Transcript from the online documentary Hellstorm; an alternative, fact based account of events both before and after World War Two based on the best selling book Hellstorm by revisionist historian Thomas Goodrich
- Terror Bombing
- The Rape of Germany
- The Baltic Massacre
- Defeat in the West
- Death Camps
- The Purge
- Ethnic Cleansing
The German Army suffered terribly during the First World War. And the German nation also suffered terribly, especially after the war. The crippling sanctions enacted by the victors with the Treaty of Versailles threw the country into serious depression. There was chaos in the streets and anarchy in the air. Communists seized many cities, including Berlin. While the great wealth of the nation was bled away by outrageous war reparations, or sucked out by unscrupulous politicians, the average German was impoverished.
Inflation and unemployment soon followed and quickly destroyed all hope, all confidence, all morality. German cities were awash in pornography and prostitution, with even starving children being bought and sold like sex toys. Crime was rampant; drunkenness and drug addiction were widespread; suicide rates soared; the situation seemed hopeless. And then, things changed… dramatically.
Soon after the National Socialists were elected, the German economy sprang to life. Unemployment was erased. Building boomed. Great projects began. Confidence burst to life anew. After years of hunger, hardship, shame, and degradation, Germany became a happy, hopeful nation again.
Germany's transformation from squalor and misery to a world superpower was so incredible that the 1938 Time Magazine named Adolf Hitler “Man of the Year.” To many it seemed as if a new cultural, economic, and political renaissance for all of Europe was at hand. But others, throughout the world — envious, powerful, but above all, fearful — now worked night and day to take Germany down….
The Second World War was the most deadly and destructive war in history. For six long years the unequal struggle pitting Germany against the world continued, with first one side, then the other on top. But at last, overwhelmed, Germany was once more defeated.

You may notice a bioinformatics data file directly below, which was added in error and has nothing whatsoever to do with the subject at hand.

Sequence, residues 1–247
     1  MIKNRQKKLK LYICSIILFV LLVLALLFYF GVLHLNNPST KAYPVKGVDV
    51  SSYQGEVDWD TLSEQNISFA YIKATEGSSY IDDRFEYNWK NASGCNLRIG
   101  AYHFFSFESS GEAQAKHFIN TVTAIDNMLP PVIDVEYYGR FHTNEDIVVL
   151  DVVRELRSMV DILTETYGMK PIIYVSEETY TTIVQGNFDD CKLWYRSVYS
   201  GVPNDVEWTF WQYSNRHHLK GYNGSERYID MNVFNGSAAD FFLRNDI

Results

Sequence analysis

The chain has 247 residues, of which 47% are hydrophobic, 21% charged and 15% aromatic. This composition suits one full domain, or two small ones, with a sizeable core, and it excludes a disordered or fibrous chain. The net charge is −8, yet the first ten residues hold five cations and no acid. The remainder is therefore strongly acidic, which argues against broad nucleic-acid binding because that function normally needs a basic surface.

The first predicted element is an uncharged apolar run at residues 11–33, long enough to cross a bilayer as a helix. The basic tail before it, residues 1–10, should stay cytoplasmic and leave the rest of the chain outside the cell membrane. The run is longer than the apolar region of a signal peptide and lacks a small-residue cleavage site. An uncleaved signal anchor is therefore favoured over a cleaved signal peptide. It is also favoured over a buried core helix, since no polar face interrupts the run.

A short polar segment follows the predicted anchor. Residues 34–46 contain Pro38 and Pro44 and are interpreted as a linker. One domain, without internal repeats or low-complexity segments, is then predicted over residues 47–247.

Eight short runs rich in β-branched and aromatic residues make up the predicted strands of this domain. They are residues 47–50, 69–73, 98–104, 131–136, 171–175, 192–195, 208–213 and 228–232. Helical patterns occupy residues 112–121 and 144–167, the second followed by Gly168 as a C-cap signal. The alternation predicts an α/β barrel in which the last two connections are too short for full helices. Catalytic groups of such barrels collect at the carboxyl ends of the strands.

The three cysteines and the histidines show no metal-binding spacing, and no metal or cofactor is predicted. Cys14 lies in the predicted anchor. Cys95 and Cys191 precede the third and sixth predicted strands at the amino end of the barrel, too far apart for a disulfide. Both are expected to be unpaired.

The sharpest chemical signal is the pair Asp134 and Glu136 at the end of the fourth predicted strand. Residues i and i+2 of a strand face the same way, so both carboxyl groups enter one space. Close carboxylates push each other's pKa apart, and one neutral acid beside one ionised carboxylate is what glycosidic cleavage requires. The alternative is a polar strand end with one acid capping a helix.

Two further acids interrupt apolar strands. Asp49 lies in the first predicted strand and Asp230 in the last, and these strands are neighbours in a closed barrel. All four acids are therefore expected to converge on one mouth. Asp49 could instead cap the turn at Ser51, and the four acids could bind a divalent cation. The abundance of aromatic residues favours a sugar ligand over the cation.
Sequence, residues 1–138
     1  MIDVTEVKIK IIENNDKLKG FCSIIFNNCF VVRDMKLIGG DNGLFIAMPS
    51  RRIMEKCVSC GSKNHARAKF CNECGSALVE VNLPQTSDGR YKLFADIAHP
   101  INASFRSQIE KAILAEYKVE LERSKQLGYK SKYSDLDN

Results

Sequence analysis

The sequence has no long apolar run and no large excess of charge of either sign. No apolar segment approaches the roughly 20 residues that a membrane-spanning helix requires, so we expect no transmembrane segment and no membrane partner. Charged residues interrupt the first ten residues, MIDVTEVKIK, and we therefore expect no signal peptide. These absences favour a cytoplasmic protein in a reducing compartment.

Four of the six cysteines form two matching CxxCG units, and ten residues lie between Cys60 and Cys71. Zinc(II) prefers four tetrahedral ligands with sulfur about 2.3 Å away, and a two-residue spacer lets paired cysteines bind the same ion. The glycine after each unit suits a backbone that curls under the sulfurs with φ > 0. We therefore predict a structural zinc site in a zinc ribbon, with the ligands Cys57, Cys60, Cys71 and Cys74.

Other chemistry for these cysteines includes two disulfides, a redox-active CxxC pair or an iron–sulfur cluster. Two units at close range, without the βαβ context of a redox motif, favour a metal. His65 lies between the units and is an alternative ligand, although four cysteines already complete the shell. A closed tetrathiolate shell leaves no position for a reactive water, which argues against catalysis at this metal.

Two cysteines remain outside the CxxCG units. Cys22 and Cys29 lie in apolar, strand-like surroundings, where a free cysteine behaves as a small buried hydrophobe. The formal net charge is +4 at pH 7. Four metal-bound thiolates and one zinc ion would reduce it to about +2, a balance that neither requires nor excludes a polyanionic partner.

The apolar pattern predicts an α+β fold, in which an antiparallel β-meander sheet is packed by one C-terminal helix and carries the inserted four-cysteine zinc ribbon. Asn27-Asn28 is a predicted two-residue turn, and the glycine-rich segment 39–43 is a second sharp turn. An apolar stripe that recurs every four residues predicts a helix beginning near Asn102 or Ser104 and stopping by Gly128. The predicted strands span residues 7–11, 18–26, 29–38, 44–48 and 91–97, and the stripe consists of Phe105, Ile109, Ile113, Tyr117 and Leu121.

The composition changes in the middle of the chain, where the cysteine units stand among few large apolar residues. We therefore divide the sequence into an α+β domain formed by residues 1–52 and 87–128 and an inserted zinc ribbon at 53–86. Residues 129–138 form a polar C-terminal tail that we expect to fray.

This time, however, the Reich was to be punished not with mere reparations… nor loss of land… nor with simple decadence and despair; no, on this occasion Germany was to be subjected to pure hatred; hatred of the most vicious, evil and depraved kind imaginable. Millions upon millions of Germans, many of whom had nothing to do with the war, were systematically raped, tortured, slaughtered, and all in the most sadistic and sickening ways imaginable. What happened to Germany and its people during and after World War II has remained the darkest and best-kept secret in world history… until now. This film is based upon the book by author and historian, Thomas Goodrich.
Over the past thirty years Goodrich has written about a number of controversial subjects — the American Civil War, Abraham Lincoln, the American Indian wars — but because World War Two remains to this very day a pressing issue, the author feels this is by far his most urgent and timely book.
Thomas Goodrich: This is the story of the crimes that were committed against Germany during and after World War Two. The words you will hear are those of the victims themselves and witnesses to the atrocities. There will be no attempt here to present the viewpoint of the “other side.” Anyone seeking the victor's version of World War II, need only watch any Hollywood movie, turn on the TV to any World War II documentary, or visit any public library. This film, like the book it is based upon, does not concern itself with what the Germans allegedly “did to the world” during the so — called “Good War.” No. The focus here is instead on what the world did to the Germans.
The crimes detailed herein are so vicious, so massive, and so evil, that there are no words in the English language to accurately describe them. These are crimes that have been buried by the victors under a mountain of propaganda and lies for now over 70 years. This film is dedicated not only to the voiceless victims of the world's worst war, but also to future generations. Our hope is, that if there are enough good people in the world, are willing to listen and learn what actually occurred to these innocent victims — men, women, the old, young, the sick, animals — then they some day soon will rise up as one, and with a united voice demand that nothing like this ever happens again, to anyone, anywhere.